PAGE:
Whatever It Takes: Pacific Film and John O’Shea 1948–2000
Pacific Films was founded on the belief that without locally made feature films, a country imperils its very identity. Led by its idiosyncratic producer John O’Shea, the story of Pacific Films begins at the emergence of a New Zealand national cinema in the second half of the twentieth century, when Pacific was virtually the only independent voice, beholden neither to the government nor the establishment, but determined to establish the value of its production with both. In a converted bakery in Kilbirnie, O’Shea trained and mentored emerging film talent. The principal qualification for admission? A passion for film – and acceptance of the company’s employment contract: last in, first out. There was something about the insecurity of not knowing where the next job would come from that, when coupled with a demanding work ethic, generated a sense of creative collaboration.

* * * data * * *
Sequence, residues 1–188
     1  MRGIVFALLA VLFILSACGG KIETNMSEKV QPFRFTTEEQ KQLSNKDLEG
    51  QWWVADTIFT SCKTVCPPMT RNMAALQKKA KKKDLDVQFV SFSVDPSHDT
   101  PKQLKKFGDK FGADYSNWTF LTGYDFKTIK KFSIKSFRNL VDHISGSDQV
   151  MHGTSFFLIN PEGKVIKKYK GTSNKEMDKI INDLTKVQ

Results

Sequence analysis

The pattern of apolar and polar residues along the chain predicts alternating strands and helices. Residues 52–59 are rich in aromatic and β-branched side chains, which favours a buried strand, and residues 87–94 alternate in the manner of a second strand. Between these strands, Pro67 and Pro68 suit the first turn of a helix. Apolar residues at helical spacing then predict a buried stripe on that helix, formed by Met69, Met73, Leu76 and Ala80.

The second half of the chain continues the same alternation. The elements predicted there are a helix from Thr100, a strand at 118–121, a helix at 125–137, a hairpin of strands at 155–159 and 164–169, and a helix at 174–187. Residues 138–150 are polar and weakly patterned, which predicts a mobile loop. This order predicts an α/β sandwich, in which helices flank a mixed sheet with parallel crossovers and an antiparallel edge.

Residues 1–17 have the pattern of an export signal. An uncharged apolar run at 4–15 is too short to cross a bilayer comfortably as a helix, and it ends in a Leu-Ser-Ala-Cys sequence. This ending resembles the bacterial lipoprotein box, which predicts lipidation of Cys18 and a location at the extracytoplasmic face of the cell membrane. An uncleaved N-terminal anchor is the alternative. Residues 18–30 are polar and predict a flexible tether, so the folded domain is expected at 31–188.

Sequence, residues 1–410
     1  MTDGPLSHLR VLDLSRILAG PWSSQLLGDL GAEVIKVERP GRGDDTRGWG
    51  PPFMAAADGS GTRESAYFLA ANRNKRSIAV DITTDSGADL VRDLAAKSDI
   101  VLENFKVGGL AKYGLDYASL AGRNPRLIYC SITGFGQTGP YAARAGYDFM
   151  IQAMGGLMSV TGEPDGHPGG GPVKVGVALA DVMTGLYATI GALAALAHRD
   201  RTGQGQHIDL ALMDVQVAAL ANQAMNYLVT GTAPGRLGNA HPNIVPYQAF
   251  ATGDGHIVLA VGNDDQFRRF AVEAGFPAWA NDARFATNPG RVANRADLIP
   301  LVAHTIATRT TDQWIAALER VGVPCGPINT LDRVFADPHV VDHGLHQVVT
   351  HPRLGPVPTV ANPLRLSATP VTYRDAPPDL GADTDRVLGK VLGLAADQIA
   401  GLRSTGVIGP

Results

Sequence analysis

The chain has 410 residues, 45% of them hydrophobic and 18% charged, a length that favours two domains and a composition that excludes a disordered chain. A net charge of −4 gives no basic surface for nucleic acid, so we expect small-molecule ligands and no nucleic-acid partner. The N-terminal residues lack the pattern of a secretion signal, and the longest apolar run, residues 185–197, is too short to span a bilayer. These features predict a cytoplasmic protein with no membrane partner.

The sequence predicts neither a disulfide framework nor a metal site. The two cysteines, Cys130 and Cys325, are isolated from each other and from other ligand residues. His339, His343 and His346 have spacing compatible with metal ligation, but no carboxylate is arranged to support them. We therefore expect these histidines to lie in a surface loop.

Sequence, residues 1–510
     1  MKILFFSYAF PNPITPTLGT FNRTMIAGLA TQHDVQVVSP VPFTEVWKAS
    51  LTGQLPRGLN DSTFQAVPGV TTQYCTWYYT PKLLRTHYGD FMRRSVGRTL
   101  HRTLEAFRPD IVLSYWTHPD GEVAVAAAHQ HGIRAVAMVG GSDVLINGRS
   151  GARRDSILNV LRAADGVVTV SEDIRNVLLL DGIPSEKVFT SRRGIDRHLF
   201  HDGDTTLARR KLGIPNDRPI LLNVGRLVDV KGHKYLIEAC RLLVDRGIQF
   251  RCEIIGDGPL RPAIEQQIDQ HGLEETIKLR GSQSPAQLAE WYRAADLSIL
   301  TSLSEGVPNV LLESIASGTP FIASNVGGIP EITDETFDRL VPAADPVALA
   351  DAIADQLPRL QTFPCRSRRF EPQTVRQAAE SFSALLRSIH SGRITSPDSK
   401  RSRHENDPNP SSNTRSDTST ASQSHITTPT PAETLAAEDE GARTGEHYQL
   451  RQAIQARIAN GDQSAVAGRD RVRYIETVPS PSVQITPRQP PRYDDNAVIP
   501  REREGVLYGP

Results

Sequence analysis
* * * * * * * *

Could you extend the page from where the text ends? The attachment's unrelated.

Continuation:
Whatever It Takes recounts the politics and process behind ground-breaking works including Broken Barrier, Runaway, Don’t Let It Get You, Tangata Whenua, Leave All Fair and Ngati, and features a rollcall of cameos in Tony Williams, Kiri Te Kanawa, Howard Morrison, Barry Crump, Michael Seresin, Sam Neill and Barry Barclay, united by visionary producer John O’Shea. This is a story of entrepreneurs and dreamers, a disparate bunch bound together in pursuit of films that would define New Zealand cinema.
Front cover photo: Roger Mirams and John O’Shea filming in Tahiti, 1953. Pacific Films Stills Collection, Ngā Taonga Sound and Vision, S1556
Back cover photo: John Reid and John O’Shea at Pacific Films in 1975, Pacific Films Stills Collection, Ngā Taonga Sound and Vision, S270696.
Cover design: Keely O’Shannessy
John Reid is a leading New Zealand writer and director, whose credits include the feature films Middle Age Spread, Carry Me Back, Leave All Fair and The Last Tattoo, and television drama, documentaries and commercials. A report he wrote on the state of the independent film industry contributed to the establishment of the New Zealand Film Commission in 1978.